tin.- waves, and landed over 400 passen
gers with difficulty.
Wisconsin Timber Land Sold.
MARINETTE, Wis.. Aug. 30.-A large
timber deal has just been consummated
here by which the Worcester & Muni
sing company, a new corporation buys
30,000 acres of timber land of the Des
ter & Sullivan estate, near Munlslng,
Mich., for $200,000. C. H. Worcester of
Chicago, Is at the head of the- new cor
Presbyterian Revision Committees,
SARATOAGA, X. V., Aug. 30. Viae
Presbyterian general assembly commit
tee on- revision of- the Westminster con*
fession. this afternoon received reports
of progress made by Us three sections,
and adjourned to meet in the- Church .if
the Covenant, Washington, 1). C. Dec 1
Buffeted by Michigan Gale.
CHICAGO, Aug. SO.— water-logged
wreck of the steamer Pewaukee, with the
hold so full of water that the decks were
: awash, Its tires out and the crew ex
hausted from the effects of a long strug
i gle with a gale on the- lake, was towed
I ii.to the harbor here tonight. The smoke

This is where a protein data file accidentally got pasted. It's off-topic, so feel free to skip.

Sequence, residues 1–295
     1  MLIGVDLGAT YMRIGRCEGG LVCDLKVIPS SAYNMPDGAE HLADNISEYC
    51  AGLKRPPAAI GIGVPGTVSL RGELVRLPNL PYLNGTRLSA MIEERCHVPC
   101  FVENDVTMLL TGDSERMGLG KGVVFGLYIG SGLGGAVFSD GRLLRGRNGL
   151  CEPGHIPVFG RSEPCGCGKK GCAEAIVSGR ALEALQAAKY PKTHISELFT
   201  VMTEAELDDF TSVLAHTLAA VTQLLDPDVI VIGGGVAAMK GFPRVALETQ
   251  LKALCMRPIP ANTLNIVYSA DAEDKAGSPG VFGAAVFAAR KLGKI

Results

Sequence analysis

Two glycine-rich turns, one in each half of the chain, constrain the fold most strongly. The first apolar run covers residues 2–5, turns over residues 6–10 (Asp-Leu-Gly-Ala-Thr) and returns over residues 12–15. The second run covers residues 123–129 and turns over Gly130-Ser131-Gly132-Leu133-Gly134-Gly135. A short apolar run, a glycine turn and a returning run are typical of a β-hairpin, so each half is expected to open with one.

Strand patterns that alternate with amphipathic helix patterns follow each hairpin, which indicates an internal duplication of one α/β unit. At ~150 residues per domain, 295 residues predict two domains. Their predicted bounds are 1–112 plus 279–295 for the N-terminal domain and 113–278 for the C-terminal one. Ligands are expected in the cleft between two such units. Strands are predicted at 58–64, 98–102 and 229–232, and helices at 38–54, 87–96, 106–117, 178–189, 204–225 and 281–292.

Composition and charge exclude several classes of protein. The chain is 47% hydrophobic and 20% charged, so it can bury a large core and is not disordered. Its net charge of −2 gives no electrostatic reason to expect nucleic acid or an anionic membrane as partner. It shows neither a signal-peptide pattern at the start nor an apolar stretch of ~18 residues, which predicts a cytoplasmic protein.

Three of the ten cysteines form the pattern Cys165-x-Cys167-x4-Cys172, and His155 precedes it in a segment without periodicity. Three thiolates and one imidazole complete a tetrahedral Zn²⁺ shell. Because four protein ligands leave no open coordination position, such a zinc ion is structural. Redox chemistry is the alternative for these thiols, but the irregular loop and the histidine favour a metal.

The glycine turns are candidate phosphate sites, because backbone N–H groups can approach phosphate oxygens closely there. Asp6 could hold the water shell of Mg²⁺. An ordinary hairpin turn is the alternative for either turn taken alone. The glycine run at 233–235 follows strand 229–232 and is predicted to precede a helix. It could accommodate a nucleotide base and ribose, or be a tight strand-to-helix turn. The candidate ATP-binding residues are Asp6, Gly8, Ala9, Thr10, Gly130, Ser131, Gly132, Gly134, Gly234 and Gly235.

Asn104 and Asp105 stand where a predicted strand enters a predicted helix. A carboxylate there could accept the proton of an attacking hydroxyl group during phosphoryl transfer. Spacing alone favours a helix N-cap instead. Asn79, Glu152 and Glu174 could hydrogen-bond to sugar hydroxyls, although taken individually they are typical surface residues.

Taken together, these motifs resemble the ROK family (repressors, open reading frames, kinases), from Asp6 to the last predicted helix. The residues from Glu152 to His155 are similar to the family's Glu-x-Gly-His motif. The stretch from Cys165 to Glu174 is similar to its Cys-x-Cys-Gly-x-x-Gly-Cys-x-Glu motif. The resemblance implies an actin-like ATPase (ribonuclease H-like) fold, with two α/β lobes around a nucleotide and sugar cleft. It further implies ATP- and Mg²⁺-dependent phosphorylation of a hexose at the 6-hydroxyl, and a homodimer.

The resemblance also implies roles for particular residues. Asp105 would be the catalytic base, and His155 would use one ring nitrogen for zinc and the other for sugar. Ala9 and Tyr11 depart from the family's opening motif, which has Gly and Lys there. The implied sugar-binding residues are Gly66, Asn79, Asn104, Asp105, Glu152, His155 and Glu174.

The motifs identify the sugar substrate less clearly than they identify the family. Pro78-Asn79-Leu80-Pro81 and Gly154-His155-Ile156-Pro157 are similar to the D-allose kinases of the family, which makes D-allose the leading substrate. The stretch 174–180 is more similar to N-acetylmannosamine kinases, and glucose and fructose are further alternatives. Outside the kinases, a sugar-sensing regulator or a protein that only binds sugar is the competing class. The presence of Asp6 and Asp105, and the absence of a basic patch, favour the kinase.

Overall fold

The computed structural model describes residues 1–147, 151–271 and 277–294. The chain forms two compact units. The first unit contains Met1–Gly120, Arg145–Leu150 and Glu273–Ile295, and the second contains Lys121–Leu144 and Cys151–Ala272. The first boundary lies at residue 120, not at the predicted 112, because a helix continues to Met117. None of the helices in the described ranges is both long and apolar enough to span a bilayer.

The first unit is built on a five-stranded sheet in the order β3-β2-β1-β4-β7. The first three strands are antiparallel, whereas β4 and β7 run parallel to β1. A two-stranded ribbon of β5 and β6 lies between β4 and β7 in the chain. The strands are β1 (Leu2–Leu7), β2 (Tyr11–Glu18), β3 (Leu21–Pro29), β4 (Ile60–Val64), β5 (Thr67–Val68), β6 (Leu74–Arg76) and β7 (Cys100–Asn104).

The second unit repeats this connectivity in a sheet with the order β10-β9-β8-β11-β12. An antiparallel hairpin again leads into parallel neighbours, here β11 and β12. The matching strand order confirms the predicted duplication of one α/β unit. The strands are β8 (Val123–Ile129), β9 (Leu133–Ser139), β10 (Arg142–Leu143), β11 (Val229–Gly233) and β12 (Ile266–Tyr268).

stack and masts had been wrenched away
j and the deck load of cedar poles hail
i lurched overboard. The Pewaukee left
i Cheboygan. Mich., for Chicago Wednes
Czar Starts for Copenhagen.
I ST. PETERSBURG. Aug. 30.-The czar.
j czarina and the imperial children sailed
! this afternoon for Copenhagen on board
j the yacht Standard. They will remain
I a few days in Denmark before proceeding
I to Kiel and Dantzlc.
Loss of the Islander.
VICTORIA, 13. C., Aug. 30.--A court at
inquiry into the loss of the- steamer isl
ander, which was wrecked off the coast
of Alaska, suiting in. the loss of many
lives, will begin its sitting here on Tues
day morning.-. Capt. Gaudin, local agent
of marine, will hold the Investigation
♦ 'rover Will Ovate.
PITTSBURG. Aug. -Kx-President
Grover Cleveland has consented to deliv
er the oration on Founders' day of the
Carnegie institute on Thursday. Nov. 7.
This information was conveyed today by
a cable from Andrew Carnegie at Ski bo
castle, Scotland, to the committee, of ar
rangements. Mr. Cleveland has not an
nounced the subject of his address.
Detroit River Blocked.
DETROIT, Mich.. Aug. SO—Navigation
in the Detroit river is temporarily block
ed for large vessels at night by reason
of the sinking of the schooner Antrim,
consort of the steamer Brazil, abreast
the lower light of the Lime Kin crossing.
Wednesday afternoon. The steamer
Northwest, bound to Buffalo, from Chica
go, was compelled to put back to her
wharf here tonight.
The Old. Old Story.
TOLEDO, Ohio, Aug. 30.— local of
fice of the United States Savings asso
ciation, with headquarters at Detroit,
Mich., has been closed and local in